Fewer Teen Drivers in California Blamed on Insurance Costs, Training Cuts
LOS ANGELES (AP) _ Getting to drive is still the dream of California youths, but insurance costs and the loss of free driver training has slashed the number of licensed teen-agers by more than 18 percent in a decade.
Only half of California’s driving age teen-agers have licenses, compared with three of five in 1981. Many are forgoing the age-old rite of passage - learner’s permit at 15 1/2 , with a license to drive at 16.
″It’s a real drag not to drive. You can’t go to the beach or anywhere,″ said 16-year-old Carla Renteria, who attends Garfield High School.
There was an 18.6 percent drop in the number of teen-agers licensed to drive in California from 1981 to 1991 - from more than 1 million in 1981 to 838,408 last year, Department of Motor Vehicles figures show.
While drive-in theaters, drive-through restaurants and cruising the Sunset Strip may be out for many teen-agers, school officials and youngsters say illegal driving may be on the rise.
″Time was when most people didn’t dare drive without a license. Now, when I ask my classes how many kids are driving (without licenses), at least a third of them raise their hands,″ said Don Hastings, a Garfield driver’s education instructor.
″Everybody does it,″ said Cindy Meza, 16, who added that she doesn’t drive.
″You can tell the ones who don’t have licenses by the way they drive - all crazy. And by what they drive - real junk,″ said Maria Tinajero, 16.
A person under 18 who is caught driving without a license can be fined $250 and parents who allow unlicensed teen-agers to drive can be held liable for damages in accidents. Those who are over 18 can be fined $1,000 and jailed for six months.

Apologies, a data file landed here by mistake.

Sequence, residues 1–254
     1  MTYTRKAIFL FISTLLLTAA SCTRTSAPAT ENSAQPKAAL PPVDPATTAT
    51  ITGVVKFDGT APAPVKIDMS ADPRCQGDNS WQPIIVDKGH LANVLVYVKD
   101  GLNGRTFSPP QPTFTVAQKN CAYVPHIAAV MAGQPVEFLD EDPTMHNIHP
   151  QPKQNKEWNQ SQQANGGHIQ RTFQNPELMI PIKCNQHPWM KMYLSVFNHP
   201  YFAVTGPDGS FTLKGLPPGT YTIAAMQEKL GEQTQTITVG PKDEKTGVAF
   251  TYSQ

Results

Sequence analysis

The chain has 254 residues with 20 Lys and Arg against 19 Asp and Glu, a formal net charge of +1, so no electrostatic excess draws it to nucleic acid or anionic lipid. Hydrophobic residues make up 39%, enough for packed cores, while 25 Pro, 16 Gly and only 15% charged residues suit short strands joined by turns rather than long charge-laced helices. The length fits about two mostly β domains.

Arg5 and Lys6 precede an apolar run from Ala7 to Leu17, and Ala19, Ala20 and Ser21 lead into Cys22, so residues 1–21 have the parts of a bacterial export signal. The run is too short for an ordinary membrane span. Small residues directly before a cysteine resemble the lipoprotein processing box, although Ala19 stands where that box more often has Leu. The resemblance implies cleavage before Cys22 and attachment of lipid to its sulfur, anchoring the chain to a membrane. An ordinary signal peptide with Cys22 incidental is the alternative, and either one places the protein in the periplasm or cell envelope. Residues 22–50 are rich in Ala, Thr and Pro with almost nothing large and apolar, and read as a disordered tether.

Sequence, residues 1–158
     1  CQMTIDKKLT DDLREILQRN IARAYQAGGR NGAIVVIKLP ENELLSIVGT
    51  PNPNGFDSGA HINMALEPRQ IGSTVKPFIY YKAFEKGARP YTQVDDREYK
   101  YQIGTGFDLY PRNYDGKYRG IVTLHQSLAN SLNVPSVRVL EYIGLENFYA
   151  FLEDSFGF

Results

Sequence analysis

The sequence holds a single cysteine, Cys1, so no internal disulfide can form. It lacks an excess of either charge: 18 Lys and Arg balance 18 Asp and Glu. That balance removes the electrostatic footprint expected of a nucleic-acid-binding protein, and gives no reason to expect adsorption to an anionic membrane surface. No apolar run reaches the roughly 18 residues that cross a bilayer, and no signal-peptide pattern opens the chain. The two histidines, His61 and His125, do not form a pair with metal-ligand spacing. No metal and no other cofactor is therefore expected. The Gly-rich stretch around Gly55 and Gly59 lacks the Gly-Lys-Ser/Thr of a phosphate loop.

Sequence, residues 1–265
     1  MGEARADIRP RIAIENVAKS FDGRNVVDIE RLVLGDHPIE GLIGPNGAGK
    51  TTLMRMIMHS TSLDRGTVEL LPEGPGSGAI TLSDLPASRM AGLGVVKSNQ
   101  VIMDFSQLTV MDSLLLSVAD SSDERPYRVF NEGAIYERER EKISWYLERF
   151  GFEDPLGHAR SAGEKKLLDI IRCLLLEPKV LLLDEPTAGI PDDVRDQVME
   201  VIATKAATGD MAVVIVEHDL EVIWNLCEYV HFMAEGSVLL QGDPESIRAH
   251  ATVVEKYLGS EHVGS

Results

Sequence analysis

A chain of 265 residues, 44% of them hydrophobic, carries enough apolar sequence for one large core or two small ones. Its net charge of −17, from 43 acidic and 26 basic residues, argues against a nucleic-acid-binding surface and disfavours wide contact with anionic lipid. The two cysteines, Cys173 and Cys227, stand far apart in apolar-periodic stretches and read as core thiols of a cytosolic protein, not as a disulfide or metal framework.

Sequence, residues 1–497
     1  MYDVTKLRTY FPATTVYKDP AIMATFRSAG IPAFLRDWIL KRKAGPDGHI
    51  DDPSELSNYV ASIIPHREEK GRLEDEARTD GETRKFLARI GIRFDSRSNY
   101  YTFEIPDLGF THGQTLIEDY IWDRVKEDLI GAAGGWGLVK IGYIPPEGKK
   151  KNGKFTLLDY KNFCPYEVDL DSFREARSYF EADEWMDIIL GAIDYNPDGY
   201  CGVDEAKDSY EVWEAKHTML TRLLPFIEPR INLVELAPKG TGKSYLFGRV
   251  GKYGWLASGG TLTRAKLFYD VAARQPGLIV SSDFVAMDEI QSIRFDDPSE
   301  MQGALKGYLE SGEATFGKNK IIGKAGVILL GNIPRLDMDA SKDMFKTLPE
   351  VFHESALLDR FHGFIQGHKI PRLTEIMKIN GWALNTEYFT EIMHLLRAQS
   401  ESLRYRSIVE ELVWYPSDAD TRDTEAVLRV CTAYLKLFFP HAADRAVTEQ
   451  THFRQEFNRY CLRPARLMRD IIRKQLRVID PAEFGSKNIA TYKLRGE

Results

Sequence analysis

In 1990, the state stopped funding free behind-the-wheel driver training. By law, public schools must continue to offer classroom driver’s education courses.
″The cuts appear to have caused many youngsters to put off getting their licenses until their 18th birthdays or even later,″ said Rudy Parker, the school district driver’s education supervisor.
Commercial driving schools offer behind-the-wheel training ranging in price from $300 to $600, and some school districts offer programs for about $150. But the cost is too high for many.
″No way my mom will shell out $150 or whatever it costs. I’ll have to let my friends teach me to drive, but I know I’ll just have to wait until I’m 18 to get my license,″ said Miss Tinajero.
Insurance for teen-age drivers also was blamed for the decline.
″I know one woman who found out it would cost $2,100 just to add her 17- year-old to her policy. Not to buy him a car, just to give him the privilege of driving her car once in a while,″ said Steve Krimitz, a DMV analyst.